Fiber birefringence definition

The birefringence is defined by the difference between the propagation constants of
the polarization Eigenmodes, that is:

Optical Fiber - equation 44

The Differential Group Delay (DGD) per unit length is defined by:

Optical Fiber - equation 45

Intrinsic perturbations birefringence

Intrinsic perturbations are accidentally introduced in the manufacturing process and
are permanent feature of the fiber. These include a noncircular core and
nonsymmetrical stress fields in the glass around the core region. A noncircular core
gives rise to geometric birefringence, whereas a nonsymmetrical stress field creates
stress birefringence. These results were obtained by the perturbation theory and
applied only for step index fibers.

Elliptical core birefringence definition

The geometrical anisotropy of a non-circular core introduces a linear birefringence in
the fiber. This birefringence depends strongly on the frequency, or on the normalized
frequency V, at which the fiber is being operated.

The non-circulatory or ellipticity of the core is defined by the parameter ε:

Optical Fiber - equation 46

where a and b are respectively the minor and major axis of the elliptical core.

The birefringence induced by an elliptical core is linear. The fast axis and slow axis of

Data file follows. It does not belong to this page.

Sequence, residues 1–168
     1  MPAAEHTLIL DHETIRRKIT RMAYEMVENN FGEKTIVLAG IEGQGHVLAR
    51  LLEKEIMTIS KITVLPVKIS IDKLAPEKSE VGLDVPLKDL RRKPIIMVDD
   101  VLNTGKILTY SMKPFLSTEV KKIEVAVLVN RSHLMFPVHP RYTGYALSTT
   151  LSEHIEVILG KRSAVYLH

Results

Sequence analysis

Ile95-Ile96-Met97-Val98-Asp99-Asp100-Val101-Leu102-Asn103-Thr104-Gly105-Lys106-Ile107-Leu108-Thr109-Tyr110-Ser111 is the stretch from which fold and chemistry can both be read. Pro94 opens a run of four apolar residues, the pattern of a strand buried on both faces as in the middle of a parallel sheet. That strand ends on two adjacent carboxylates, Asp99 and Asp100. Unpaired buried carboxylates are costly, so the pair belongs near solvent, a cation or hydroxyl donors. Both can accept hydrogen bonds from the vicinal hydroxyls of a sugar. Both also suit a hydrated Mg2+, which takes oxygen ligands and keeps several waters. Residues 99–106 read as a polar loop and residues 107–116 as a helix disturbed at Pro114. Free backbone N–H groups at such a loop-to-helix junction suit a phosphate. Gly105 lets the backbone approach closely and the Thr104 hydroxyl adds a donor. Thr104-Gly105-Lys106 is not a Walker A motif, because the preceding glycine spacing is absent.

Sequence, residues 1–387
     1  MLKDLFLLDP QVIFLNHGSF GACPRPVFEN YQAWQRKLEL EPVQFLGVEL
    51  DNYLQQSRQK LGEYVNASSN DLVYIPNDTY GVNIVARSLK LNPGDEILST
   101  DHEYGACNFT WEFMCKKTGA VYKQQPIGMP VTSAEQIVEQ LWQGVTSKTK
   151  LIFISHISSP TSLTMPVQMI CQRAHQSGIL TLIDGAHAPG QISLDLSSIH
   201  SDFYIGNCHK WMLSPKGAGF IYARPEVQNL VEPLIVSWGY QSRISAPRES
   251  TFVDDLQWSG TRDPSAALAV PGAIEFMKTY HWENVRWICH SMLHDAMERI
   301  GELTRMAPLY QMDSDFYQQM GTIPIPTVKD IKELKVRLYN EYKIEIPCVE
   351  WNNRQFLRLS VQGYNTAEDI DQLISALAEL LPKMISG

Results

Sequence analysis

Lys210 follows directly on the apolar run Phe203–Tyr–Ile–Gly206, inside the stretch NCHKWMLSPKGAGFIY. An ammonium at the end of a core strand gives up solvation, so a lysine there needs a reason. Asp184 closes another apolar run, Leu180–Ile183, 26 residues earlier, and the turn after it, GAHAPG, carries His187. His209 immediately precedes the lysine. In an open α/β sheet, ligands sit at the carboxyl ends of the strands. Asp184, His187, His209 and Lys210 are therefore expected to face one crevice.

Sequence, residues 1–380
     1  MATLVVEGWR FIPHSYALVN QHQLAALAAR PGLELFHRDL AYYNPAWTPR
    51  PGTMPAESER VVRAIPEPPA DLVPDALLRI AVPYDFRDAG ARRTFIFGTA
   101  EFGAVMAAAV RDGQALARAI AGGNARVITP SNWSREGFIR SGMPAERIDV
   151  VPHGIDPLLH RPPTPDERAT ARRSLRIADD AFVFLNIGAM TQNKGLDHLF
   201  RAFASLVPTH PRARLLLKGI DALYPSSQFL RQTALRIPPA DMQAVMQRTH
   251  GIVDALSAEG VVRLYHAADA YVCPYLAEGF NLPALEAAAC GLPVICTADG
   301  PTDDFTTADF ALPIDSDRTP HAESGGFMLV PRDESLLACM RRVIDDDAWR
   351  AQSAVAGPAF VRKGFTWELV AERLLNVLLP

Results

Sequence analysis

the birefringence corresponds respectively to the major and minor axis of the ellipse.

In the case of a step index fiber, the birefringence

Optical Fiber - equation 47

is given by [Sakai and Kimura, 1981[17]]:

Optical Fiber - equation 48

where

Optical Fiber - equation 49

is the relative index difference between the core refractive index n1 and the cladding
refractive index n2.

The wave propagation constant is

Optical Fiber - equation 50

The function G(V) in the birefringence formula is given by

Optical Fiber - equation 51

with the following definitions of waveguide parameters

Optical Fiber - equation 52-53 Optical Fiber - equation 54

where a is the core radius.

The Differential Group Delay (DGD) per unit length is

Optical Fiber - equation 55

where c is the speed of light in vacuum.

Internal stress birefringence definition

Stress birefringence caused by a nonsymmetrical stress field in the core region of a
fiber typically arises in combination with noncircular fiber geometry. The necessarily
different chemical composition of the core relative to the cladding in single-mode fiber
usually results in a slightly different thermal expansion coefficient for the two regions.
This gives rise to radially directed stresses when the fiber is cooled after being drawn.

In an ideal, circularly symmetrical fiber, these stress fields are symmetrical and thus
do not cause anisotropy. However, if there is a noncircular shape to either the core or
the cladding in the preform, the drawn fiber will have internal stress fields that are not
circularly symmetrical.

In a step index fiber with an elliptical core, the birefringence is given by [Sakai and
Kimura, 1982[18]]:

Optical Fiber - equation 56

where

Optical Fiber - equation 57

is the difference between the thermal expansion coefficients of the core αco and
cladding αcl

and